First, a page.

Artwork by: Liz Fabiola, age 14
Written by: Lahore Grammar

Who are we without our dreams and desires?

When I was six years old, my mother took me to a Qawwali night1 at my cousin’s wedding for the first time. Barely three feet tall and stumbling around in my shiny green chiffon dress, I remember stooping down amidst a sea of people to feel the ground pulsating beneath my feet.


The beat drummed through every inch of bone from the tips of my toes to my mini milk teeth. All at once, I became a part of the melody. From that moment on, music became my obsession: an insatiable hunger, a thirst I could never quench. I guzzled notes as if they were bits of coco puffs, inhaled the lyrics of Taylor Swift’s “Love Story,” and sped through chords on my little electronic keyboard as if they were sugarcoated gumdrops. By age nine, I was convinced I would become a musician.

Life hit fast. All of a sudden, I had outgrown my green chiffon and been forced into suit pants, hair neatly tied for the interviews I had to attend, with the only music in my life becoming the pieces I memorized for examinations or nothing more than background noise while I did my homework.

As I blew out the candles on my 17th birthday cake, it struck me how malleable life’s course can be. My dream of becoming a musician now lay abandoned in the dusty keys of an old piano, in the polaroids my mother had stored in an unmarked box in the attic, in the songs I no longer remembered the words to. In its place, I found pages and pages of poetry. A desire to write filled the notebooks I received on my birthdays until eventually there was more paper than floor in my bedroom. A new dream in place of the old one.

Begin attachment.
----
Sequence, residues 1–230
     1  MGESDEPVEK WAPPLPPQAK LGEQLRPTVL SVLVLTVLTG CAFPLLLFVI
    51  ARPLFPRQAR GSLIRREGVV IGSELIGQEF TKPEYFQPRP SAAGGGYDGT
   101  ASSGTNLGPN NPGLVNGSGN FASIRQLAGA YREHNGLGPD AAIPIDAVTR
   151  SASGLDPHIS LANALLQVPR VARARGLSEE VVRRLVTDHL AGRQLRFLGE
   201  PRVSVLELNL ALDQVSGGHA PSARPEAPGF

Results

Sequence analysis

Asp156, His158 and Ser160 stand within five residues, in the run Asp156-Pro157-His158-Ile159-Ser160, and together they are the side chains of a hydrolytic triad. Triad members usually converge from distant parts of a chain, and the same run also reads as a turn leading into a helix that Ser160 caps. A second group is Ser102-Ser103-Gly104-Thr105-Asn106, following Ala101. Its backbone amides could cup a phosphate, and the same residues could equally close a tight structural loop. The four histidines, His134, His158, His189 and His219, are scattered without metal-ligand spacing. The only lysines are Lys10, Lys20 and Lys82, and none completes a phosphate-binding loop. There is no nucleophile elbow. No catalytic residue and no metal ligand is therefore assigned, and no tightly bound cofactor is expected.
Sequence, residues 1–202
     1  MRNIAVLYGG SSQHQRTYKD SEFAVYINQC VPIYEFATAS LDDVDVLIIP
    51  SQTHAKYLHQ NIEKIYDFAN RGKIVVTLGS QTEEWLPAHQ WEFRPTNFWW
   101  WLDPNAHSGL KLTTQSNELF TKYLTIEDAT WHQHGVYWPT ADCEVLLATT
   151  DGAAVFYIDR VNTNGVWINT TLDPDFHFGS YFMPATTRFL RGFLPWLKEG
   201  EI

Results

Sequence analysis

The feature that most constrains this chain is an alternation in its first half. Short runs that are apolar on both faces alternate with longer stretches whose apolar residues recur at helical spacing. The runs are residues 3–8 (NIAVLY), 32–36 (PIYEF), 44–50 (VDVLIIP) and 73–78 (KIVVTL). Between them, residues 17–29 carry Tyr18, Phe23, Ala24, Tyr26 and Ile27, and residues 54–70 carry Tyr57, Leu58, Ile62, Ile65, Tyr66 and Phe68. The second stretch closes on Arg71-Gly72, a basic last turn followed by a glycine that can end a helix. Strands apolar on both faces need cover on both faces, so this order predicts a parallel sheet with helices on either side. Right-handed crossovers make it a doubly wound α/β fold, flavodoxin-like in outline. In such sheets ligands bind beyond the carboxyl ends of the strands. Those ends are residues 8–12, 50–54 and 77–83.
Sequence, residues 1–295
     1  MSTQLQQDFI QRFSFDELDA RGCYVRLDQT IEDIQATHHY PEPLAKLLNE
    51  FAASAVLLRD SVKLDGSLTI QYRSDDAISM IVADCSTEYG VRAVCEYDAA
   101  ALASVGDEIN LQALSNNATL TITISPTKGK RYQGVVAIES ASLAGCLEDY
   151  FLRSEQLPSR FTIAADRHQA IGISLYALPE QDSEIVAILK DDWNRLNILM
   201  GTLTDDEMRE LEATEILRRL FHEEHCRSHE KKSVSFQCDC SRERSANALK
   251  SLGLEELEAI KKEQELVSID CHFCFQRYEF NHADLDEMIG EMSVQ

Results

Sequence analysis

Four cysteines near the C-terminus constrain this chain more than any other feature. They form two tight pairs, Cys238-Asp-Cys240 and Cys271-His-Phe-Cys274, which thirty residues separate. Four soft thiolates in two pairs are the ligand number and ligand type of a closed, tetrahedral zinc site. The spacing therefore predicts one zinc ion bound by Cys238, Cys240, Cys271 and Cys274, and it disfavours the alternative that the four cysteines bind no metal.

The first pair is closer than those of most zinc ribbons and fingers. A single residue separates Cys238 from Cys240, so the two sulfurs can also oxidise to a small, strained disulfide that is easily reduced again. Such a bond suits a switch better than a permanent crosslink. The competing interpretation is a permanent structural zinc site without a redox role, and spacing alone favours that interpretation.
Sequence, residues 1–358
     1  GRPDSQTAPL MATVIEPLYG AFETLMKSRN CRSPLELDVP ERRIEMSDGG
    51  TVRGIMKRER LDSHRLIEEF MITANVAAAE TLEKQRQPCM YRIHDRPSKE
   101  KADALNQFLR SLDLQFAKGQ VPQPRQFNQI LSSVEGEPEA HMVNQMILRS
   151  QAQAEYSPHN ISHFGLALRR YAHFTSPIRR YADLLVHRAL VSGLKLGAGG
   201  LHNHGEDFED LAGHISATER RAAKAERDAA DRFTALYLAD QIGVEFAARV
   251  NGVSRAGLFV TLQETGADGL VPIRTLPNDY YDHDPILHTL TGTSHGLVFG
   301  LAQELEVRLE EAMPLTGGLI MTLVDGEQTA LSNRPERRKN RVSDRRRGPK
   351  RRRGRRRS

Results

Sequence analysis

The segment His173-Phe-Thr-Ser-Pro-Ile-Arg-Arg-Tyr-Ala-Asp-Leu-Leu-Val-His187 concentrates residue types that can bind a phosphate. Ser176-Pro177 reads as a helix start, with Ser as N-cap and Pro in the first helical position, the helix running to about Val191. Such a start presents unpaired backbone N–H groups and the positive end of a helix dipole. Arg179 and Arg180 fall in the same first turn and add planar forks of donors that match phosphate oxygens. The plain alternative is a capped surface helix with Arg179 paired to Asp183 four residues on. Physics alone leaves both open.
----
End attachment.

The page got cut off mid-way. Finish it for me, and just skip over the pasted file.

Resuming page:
The beauty of dreams is that they are ephemeral — ever changing and transient to match how our personalities and thoughts evolve. Perhaps that is why we are so influenced by them. As humans, we are attracted by the light at the end of the tunnel, willing to scrape and claw our way through heaps of dirt to get there, and upon finding what we seek, are instantly entranced by the next shiny thing. By nature then, I would argue that dreams are the essence of what makes us who we are. In fact, humans thrive on the ability to dream — every invention, from the lightbulb to the steam engine, came out of the desire to create something extraordinary. Even hope in times of crisis becomes a manifestation of one’s desires for a better life, or one’s dream of what life could be.

To then consider a life in the absence of our dreams and desires, I find myself at an impasse. When human existence pivots on accomplishing a lifelong goal or seeing a dream become reality, it seems that having no desires at all would be like sailing a ship with no steering wheel: you have no idea where you are going or where you will end up. You are not yourself without your ambitions and your wants. In the words of Langston Hughes, “Hold fast to your dreams, for without them life is a broken winged bird that cannot fly.”

Ultimately, our dreams and desires intrinsically make up who we are and represent us as we shift into different phases of our lives: my desire to write poetry has morphed into a love for the literary arts, much in the same way my love for piano has made it impossible to study without music on in the background. It is these little pockets of joy from dreams long left behind that form our identity.1 Qawwali night refers to a festive celebration in South / Middle Eastern culture where people come together to sing songs.

When this piece was first published, Iman Monnoo was a 16-year-old in 12th grade at Lahore Grammar School Defence in Pakistan. Aside from reading and writing, she also has an affinity for public speaking and drama!

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